The government and a private consortium this week gave the starting signal for the construction of a bulk port in the Pacific of Costa Rica, which will require an investment of $ 34 million.
The work will be undertaken by the Port Authority of Caldera (SPC) of Colombian and Costa Rican private capital, and is part of the expansion of Puerto Caldera, located in the province of Puntarenas (Central Pacific) and managed by the SPC since 2001.
The general manager of the SPC, Ricardo Ospina, told local media that the port will serve primarily bulk carriers, but also other types of vessels carrying passengers and containers.
The Costa Rican government said in a statement that the new infrastructure will be completed in about two years, open 200 jobs during its construction phase and once completed will increase the productivity of Puerto Caldera by 135%.
The new pier will extend 180 meters, an access bridge of 160 meters, a floor area of 6,000 square meters and its entry into operation will mean the opening of 150 jobs.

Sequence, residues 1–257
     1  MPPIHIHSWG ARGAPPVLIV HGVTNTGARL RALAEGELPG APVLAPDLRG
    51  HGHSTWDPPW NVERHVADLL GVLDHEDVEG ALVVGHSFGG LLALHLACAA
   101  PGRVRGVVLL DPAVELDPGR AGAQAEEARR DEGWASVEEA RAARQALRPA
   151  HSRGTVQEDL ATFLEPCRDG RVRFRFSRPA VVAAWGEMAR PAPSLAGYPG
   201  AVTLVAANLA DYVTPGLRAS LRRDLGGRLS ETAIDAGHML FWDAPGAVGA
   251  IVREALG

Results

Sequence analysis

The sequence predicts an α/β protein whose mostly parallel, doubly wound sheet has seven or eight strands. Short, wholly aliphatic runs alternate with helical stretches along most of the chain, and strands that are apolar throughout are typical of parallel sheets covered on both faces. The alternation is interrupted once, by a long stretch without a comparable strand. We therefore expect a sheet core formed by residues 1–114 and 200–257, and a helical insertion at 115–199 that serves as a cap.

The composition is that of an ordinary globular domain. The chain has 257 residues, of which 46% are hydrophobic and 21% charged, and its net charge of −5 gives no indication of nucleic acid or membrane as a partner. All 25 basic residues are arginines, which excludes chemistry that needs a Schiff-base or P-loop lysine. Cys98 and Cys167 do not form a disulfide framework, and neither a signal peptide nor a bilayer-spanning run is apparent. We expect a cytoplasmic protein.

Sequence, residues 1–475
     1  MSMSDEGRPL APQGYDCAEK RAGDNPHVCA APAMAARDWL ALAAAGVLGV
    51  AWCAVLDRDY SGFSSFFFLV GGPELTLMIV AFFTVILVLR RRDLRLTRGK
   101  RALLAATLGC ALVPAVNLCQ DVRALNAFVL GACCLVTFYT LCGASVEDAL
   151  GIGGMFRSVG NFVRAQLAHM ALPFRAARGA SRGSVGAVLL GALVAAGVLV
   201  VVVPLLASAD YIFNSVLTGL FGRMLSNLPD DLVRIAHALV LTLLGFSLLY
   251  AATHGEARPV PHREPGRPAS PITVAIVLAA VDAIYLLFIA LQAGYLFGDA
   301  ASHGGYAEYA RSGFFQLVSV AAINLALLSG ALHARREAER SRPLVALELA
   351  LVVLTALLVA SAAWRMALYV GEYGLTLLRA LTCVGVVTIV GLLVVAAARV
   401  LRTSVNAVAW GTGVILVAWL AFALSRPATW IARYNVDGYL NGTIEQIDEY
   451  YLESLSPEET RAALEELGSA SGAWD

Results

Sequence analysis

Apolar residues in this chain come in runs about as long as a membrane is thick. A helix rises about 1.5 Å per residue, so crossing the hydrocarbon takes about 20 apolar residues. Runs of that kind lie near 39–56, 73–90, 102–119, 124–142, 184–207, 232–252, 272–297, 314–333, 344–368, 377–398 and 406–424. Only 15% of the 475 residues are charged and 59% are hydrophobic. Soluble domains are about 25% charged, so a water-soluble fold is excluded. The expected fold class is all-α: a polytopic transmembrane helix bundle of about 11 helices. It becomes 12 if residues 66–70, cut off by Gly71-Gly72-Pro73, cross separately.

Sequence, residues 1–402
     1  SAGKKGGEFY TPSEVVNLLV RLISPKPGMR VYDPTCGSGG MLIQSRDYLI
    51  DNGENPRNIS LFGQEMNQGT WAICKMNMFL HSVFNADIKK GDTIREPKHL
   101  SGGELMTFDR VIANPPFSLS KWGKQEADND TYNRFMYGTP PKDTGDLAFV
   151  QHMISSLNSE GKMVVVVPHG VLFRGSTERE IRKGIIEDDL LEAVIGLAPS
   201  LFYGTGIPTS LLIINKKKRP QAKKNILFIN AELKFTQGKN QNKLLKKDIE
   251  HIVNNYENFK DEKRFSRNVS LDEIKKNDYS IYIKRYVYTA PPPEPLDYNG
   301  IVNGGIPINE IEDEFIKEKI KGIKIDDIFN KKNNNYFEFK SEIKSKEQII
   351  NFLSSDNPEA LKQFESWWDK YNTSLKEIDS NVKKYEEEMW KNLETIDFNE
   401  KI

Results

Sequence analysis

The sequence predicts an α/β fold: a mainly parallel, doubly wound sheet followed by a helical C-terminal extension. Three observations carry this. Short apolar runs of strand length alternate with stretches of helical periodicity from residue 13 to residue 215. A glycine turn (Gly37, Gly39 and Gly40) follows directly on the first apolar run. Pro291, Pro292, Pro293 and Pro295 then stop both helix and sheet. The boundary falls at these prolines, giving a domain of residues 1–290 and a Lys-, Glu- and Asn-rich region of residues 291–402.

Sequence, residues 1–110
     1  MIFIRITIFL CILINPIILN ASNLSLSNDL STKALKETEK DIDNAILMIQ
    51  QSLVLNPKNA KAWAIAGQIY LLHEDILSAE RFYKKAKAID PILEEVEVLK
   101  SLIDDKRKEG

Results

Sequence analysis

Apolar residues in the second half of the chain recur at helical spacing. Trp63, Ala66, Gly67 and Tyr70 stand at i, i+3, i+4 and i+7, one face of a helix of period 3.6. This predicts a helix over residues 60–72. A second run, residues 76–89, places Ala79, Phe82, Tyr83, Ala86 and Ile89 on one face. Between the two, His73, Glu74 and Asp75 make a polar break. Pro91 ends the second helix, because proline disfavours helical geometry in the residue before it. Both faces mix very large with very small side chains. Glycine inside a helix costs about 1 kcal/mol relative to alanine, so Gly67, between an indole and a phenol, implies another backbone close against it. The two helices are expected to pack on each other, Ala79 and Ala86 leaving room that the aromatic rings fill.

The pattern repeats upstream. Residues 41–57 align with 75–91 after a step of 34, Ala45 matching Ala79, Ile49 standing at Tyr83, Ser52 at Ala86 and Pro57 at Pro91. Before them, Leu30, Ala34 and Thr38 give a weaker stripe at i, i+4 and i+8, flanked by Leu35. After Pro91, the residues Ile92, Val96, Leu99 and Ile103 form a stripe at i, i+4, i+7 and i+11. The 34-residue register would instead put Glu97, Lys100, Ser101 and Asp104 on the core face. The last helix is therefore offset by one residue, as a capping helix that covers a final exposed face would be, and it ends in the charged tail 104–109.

Costa Rican President, Laura Chinchilla, gave the order to start of work during an official ceremony in Puerto Caldera, but regretted that the construction of the new pier has been delayed for years due to legal remedies and appeals.
Ports are one of the major concerns of the past governments of Costa Rica because of its lack of modernization, which places the country in the 140 place among 144 countries as ports, according to the ranking of the World Economic Forum.
In late 2011 the government granted a concession to the Dutch firm APM Terminals construction and management for 30 years of a new port in the province of Limón (Caribbean) project worth about 1,000 million.
The company is in the process of complying with environmental and financial requirements before starting to build the first stage of the work that would go into operation in late 2016.
In the new Caribbean port may serve Post-Panamax ships, the largest capacity, and the government expects it to become one of the top 20 world’s port terminals.
The ports of Moin and Limon, both in the Caribbean, moves about 80% of international trade in Costa Rica, but exporters complain of poor quality of service and long waiting times for loading and unloading.
The Costa Rica News (TCRN)
San Jose Costa Rica